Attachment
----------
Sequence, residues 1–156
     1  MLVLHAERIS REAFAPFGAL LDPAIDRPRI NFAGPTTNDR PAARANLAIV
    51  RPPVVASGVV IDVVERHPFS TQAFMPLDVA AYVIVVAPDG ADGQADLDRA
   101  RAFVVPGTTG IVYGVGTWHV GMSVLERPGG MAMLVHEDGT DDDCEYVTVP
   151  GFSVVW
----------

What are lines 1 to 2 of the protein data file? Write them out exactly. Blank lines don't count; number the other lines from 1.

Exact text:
Sequence, residues 1–156
     1  MLVLHAERIS REAFAPFGAL LDPAIDRPRI NFAGPTTNDR PAARANLAIV